The Birthday Party by Laurent Mauvignier
Buried deep in rural France, little remains of the isolated hamlet of the Three Lone Girls, save a few houses and a curiously assembled quartet: Patrice Bergogne, inheritor of his family’s farm; his wife, Marion; their daughter, Ida; and their neighbor, Christine, an artist. While Patrice plans a surprise for his wife’s fortieth birthday, inexplicable events start to disrupt the hamlet’s quiet existence: anonymous, menacing letters, an unfamiliar car rolling up the driveway. And as night falls, strangers stalk the houses, unleashing a nightmarish chain of events.
Told in rhythmic, propulsive prose that weaves seamlessly from one consciousness to the next over the course of a day, Laurent Mauvignier’s The Birthday Party is a deft unraveling of the stories we hide from others and from ourselves, a gripping tale of the violent irruptions of the past into the present, written by a major contemporary French writer.
"A real-time study in crippling self-consciousness, the fragility of normalcy, and the reality of violence."―The New York Times
"The amount of detail and digression that Mauvignier explores in his slow, finely drawn (and smoothly translated) dissection of these lives is remarkable and goes far to sustaining interest... [in this] quasi-Proustian noir."―Kirkus Reviews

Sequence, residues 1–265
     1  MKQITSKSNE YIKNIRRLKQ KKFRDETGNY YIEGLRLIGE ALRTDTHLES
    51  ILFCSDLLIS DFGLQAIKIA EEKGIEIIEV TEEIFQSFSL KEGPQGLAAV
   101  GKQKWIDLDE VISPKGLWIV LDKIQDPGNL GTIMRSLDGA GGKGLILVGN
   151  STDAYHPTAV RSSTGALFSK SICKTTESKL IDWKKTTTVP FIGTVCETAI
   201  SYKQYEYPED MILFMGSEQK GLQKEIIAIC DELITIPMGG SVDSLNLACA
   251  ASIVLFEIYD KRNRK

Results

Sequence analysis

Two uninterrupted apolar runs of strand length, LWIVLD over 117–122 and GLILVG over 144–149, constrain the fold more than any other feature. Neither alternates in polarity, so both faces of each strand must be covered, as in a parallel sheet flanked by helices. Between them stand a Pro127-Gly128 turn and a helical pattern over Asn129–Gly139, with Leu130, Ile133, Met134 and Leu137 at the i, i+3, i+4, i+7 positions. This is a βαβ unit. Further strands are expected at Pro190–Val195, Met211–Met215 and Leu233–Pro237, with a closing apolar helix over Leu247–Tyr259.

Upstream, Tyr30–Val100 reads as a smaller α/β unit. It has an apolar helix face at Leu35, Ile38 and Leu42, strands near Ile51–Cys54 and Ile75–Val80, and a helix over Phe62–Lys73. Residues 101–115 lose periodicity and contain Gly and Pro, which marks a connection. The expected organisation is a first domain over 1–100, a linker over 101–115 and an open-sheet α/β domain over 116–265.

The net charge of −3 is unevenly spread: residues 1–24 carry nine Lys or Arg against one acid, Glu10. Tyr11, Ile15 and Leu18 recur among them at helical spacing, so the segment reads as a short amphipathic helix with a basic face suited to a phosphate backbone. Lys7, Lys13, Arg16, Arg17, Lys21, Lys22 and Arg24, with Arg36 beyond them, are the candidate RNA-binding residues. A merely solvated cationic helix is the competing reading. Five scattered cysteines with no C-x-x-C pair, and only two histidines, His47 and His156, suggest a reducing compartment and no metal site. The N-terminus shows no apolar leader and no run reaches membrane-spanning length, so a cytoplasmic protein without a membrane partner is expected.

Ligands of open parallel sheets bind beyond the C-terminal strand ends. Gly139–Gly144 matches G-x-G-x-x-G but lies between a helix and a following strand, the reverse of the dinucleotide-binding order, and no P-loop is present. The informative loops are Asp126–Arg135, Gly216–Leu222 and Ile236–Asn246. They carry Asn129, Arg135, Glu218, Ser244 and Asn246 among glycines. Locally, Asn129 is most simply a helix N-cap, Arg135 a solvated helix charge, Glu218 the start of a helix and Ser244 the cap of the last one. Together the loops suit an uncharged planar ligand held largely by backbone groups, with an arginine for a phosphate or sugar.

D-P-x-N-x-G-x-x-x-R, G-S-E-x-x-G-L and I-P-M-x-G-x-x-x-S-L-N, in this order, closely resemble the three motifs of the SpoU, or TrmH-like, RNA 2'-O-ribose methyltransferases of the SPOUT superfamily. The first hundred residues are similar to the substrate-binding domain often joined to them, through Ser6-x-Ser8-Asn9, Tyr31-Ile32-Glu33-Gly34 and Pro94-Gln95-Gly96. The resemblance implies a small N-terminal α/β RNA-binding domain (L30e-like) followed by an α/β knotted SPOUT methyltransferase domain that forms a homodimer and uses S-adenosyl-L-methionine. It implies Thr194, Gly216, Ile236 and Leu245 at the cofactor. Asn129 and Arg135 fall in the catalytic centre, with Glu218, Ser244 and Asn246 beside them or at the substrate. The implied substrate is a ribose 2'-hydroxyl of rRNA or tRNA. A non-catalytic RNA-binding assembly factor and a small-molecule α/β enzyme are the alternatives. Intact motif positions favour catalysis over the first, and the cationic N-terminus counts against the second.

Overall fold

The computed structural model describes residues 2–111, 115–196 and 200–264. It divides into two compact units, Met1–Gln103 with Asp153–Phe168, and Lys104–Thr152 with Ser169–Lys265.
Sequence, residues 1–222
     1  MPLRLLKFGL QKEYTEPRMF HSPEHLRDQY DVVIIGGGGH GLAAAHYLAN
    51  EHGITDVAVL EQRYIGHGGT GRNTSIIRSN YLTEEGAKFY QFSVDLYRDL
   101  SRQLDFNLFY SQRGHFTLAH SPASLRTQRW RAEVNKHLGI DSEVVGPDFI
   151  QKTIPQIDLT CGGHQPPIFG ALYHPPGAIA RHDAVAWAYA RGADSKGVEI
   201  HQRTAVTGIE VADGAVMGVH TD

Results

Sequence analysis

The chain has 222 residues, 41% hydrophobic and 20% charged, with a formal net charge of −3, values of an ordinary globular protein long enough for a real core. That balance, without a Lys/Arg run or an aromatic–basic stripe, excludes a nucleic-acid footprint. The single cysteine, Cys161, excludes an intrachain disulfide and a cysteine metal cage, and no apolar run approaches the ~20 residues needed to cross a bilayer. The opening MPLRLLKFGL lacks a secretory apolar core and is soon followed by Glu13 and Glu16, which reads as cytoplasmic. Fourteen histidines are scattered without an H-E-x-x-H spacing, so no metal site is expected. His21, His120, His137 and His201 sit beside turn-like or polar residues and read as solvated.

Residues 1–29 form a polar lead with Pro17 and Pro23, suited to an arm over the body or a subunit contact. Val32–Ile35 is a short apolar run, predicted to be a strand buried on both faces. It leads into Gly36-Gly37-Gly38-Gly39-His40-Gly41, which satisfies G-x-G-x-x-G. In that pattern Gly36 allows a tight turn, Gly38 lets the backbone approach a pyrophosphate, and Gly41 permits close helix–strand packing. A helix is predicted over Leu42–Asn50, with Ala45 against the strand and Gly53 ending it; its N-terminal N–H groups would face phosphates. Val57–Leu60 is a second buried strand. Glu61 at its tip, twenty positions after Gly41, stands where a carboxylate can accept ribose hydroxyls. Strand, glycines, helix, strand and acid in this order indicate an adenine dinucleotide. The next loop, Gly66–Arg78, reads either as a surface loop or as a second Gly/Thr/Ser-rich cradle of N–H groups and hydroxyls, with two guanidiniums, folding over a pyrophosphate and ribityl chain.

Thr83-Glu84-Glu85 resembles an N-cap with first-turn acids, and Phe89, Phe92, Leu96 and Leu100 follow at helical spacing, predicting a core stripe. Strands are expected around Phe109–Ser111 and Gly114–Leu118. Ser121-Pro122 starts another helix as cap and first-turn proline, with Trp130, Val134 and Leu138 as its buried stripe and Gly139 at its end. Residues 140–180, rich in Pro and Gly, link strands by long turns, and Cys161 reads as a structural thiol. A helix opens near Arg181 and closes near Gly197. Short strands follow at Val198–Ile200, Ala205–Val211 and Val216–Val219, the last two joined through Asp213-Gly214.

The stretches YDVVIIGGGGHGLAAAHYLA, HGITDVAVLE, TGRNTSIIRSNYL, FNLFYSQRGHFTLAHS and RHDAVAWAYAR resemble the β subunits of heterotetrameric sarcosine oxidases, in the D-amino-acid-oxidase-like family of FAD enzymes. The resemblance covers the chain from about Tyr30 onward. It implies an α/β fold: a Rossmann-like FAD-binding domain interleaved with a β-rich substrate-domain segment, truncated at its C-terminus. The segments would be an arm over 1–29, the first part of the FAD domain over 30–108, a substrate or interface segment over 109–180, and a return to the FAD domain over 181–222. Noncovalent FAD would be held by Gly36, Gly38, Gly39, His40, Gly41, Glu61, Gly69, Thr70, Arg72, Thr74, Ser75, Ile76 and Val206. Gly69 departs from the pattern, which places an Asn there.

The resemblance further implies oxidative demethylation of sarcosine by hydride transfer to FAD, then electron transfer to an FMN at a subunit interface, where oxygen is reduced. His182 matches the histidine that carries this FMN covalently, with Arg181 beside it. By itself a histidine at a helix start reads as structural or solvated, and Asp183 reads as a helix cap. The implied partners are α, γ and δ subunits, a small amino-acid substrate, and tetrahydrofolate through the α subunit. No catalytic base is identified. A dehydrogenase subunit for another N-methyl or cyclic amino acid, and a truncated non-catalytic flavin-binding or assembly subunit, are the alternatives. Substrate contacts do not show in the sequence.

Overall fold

"Mauvignier spins a mesmerizing psychological horror set in the seemingly humdrum French hamlet of Three Lone Girls... Readers will be riveted."―Publishers Weekly
"Mauvignier’s ability to keep the shocks coming are among the qualities that make this riveting novel so nastily effective."―The Guardian
"A chilling, masterful work. It dwells in that dim, haunted space between violence and mundanity, repression and revelation―that rare thing, a genre-bending novel that sacrifices neither its literary merits nor its pulpy thrills. It has bitter truths to tell."―Gawker
“The intensity of the writing lends a feeling of fierce suspense... Mr. Mauvignier peels back those layers of reality in order to better grasp the people they finally form, a composite far more profound than the sum of its parts.”―The Wall Street Journal
Publisher: Transit Books